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splunk support for zfs linux 6.4 won't start

Communicator

I'm trying to get splunk working with zfs on Linux, which 6.4 supposedly supports, per the release latest release notes:
http://docs.splunk.com/Documentation/Splunk/6.4.0/Installation/Systemrequirements#Supported_file_sys...

When I start splunk, I get this:

homePath='/zroot/splunk/var/lib/splunk/audit/db' of index=_audit on unusable filesystem.
Validating databases (splunkd validatedb) failed with code '1'.  If you cannot resolve the issue(s) above after consulting documentation, please file a case online at http://www.splunk.com/page/submit_issue

I'm not interested in running a separate partition format within a storage container.

Splunk Employee
Splunk Employee

The support that was shown for ZFS on Linux was in error and has been removed from the Splunk Docs site.

Explorer
echo OPTIMISTIC_ABOUT_FILE_LOCKING = 1 >> /opt/splunk/etc/splunk-launch.conf

All it takes. Took me a while, but found the answer nearby...

Splunk Employee
Splunk Employee

I would not do that if I were you and I cared about my data.

Yes, it will work. It might very well even function long term. But locktest is there for a reason, and setting this variable drops any file lock checks. By doing this you are entering an unsupported area with your data.

Obviously I can't definitively say if or when we will restore support for ZFS on Linux, but I can say we are working on it.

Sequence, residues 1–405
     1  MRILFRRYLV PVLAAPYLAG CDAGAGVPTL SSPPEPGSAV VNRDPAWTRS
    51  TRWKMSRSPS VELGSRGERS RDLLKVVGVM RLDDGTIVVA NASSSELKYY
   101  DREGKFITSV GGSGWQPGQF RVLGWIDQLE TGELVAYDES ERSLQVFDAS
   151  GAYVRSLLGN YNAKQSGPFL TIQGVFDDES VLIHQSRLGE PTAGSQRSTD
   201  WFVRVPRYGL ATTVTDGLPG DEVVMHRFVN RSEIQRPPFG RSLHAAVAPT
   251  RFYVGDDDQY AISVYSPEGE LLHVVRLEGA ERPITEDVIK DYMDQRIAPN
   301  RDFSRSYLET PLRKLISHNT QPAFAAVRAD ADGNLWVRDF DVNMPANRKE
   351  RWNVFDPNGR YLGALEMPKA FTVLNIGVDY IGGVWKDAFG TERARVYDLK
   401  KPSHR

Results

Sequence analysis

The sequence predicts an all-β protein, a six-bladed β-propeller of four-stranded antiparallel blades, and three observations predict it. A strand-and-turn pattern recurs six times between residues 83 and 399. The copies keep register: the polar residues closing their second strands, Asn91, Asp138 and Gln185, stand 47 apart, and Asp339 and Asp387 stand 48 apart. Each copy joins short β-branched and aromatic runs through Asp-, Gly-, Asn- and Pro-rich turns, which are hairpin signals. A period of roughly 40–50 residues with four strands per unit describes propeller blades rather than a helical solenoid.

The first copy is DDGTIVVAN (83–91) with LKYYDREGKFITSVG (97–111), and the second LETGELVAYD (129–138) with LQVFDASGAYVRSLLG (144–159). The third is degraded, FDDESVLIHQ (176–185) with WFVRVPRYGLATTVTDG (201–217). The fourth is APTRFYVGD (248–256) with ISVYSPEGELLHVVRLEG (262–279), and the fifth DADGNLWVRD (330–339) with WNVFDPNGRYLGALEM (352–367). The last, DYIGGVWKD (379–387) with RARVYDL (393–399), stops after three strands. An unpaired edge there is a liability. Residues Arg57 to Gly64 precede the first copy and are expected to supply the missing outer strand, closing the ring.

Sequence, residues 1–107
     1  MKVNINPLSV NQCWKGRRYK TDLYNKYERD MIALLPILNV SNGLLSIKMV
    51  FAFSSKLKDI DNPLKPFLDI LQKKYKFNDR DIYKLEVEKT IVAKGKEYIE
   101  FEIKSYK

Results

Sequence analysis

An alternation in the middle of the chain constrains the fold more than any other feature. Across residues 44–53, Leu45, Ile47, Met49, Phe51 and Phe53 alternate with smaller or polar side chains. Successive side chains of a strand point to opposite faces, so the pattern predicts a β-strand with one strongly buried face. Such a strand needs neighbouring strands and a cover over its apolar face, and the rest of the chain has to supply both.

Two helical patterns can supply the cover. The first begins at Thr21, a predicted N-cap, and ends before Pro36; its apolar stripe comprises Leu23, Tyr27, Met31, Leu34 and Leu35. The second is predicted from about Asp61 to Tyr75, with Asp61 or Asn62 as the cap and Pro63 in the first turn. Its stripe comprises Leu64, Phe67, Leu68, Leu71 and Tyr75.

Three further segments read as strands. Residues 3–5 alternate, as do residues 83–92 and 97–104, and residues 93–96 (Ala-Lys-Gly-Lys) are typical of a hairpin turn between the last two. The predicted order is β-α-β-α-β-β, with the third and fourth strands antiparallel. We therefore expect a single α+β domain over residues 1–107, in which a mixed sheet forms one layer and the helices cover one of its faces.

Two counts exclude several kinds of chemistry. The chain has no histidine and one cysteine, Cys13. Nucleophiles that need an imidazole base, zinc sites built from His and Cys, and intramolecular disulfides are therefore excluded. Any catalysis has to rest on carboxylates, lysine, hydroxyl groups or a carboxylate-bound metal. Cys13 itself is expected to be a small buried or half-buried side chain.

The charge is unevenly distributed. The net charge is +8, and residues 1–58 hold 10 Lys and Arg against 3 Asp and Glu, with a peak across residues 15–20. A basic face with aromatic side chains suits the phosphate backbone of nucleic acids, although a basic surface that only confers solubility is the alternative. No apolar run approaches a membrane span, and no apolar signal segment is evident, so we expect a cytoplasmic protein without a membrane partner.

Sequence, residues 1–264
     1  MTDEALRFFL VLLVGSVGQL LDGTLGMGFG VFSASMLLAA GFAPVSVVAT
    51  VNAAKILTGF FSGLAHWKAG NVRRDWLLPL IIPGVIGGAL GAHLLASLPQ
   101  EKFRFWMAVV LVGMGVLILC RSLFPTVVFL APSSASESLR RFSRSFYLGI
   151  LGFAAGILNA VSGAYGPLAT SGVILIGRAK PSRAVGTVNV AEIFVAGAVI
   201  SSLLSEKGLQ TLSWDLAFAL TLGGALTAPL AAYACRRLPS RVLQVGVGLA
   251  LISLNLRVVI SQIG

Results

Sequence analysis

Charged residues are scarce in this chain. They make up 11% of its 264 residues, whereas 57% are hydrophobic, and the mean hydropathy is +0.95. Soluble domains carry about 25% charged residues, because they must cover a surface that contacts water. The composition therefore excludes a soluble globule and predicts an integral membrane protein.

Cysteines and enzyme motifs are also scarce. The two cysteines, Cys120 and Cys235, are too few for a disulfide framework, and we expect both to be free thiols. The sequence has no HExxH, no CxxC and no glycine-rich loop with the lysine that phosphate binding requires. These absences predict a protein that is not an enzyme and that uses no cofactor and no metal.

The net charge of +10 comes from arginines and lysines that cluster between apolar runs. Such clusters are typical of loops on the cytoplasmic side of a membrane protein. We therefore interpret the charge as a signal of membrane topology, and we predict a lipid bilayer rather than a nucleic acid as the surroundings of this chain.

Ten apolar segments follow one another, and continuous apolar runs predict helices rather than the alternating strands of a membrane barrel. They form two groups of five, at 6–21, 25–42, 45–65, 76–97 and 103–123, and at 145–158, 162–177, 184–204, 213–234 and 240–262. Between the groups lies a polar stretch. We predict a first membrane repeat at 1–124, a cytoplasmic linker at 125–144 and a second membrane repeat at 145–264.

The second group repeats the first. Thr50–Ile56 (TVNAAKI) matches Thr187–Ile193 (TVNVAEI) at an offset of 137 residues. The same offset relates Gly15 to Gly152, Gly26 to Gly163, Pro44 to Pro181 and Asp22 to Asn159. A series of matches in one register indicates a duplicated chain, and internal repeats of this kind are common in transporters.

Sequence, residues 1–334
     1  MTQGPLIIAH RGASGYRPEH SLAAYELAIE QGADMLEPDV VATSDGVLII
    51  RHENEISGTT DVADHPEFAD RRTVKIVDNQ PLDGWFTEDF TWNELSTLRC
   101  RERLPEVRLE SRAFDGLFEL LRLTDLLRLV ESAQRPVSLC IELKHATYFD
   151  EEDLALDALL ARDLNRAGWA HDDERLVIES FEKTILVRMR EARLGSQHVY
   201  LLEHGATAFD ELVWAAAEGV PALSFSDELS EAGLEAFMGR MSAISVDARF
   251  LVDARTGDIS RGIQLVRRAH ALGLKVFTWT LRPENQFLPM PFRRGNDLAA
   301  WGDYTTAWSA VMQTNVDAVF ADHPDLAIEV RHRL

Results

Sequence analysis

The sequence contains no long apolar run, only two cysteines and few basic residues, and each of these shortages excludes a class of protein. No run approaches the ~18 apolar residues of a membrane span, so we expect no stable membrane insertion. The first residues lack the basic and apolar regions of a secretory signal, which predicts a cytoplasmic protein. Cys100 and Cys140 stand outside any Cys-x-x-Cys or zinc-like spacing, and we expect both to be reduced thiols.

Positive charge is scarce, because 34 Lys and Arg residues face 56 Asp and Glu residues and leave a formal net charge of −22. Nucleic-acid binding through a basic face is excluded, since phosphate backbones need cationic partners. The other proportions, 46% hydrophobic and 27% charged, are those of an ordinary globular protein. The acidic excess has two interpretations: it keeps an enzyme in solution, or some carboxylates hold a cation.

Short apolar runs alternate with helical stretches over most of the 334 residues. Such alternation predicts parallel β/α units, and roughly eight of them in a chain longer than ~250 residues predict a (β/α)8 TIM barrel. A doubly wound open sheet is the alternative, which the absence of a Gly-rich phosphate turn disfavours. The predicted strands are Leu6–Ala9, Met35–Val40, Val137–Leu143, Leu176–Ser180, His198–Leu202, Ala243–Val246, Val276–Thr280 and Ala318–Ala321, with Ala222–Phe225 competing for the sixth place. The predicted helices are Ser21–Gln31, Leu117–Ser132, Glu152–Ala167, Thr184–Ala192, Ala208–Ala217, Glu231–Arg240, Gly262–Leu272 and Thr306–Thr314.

0 Karma

Splunk Employee
Splunk Employee

The setting works. Does anybody experience any issues around this settings?
Since ZFS on Linux is community supported product, we need your voice.

Thank you!
Takashi.

0 Karma

Path Finder

I currently run 14 indexers over ~250 spinning disks with raidz2.

I've been running splunk over zfs for over 3 years.

No problems, in fact I initially ran indexers with several different backends and zfs was the most stable.

My main indexer is a 1U supermicro box with a cost of ~5k.

Box has 12 spinning media drives (raidz2), used Hitachi Ultrastar drives. 2 SSD's for bootup disks. Then install a PCI NVMe drive for your cache drive. (2-4 or so gigabytes per second speed). I'd recommend altering the default settings of zfs so it'll be more aggressive with using the NVMe drive.

Get at least 12 cores in order to remove the annoyance about Enterprise Security complaining <12 cores.

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We run a fairly good chunk of our installation on RAIDZ-2's - 288 TB raw capacity across 12 indexers so far, which will be doubled soon. Not one issue so far except for discovering that option, which was needlessly difficult.

As far as performance goes, since I had 12 identical machines, I did a bunch of benchmarks, comparing 3x8 hardware RAID arrays (mirror striped across all three as well as just a linear array), various md(4) and LVM-setups, as well as ZFS mirror and various RAIDZ-setups. All drives are Crucial 1 TB SSDs (M500 I think - don't think we got the M600 here). In general, md(4) sucked massively. LVM fared a bit better, but was still blown out of the water by ZFS. Hardware RAID only surpassed on reads, but fell behind massively on writes, pretty much across the board. The only place ZFS really "failed" was a for-the-hell-of-it 24-drive RAIDZ3, which had the worst performance of all 🙂

In the end, we went with 3 x 8-wide RAIDZ2, because that hit a sweet-spot with performance and redundancy.

Path Finder

Do you have any charts you could share? Also, how were odd configurations, like 3-wide RAIDZ1's, for increasing IOPS without using Mirrors?

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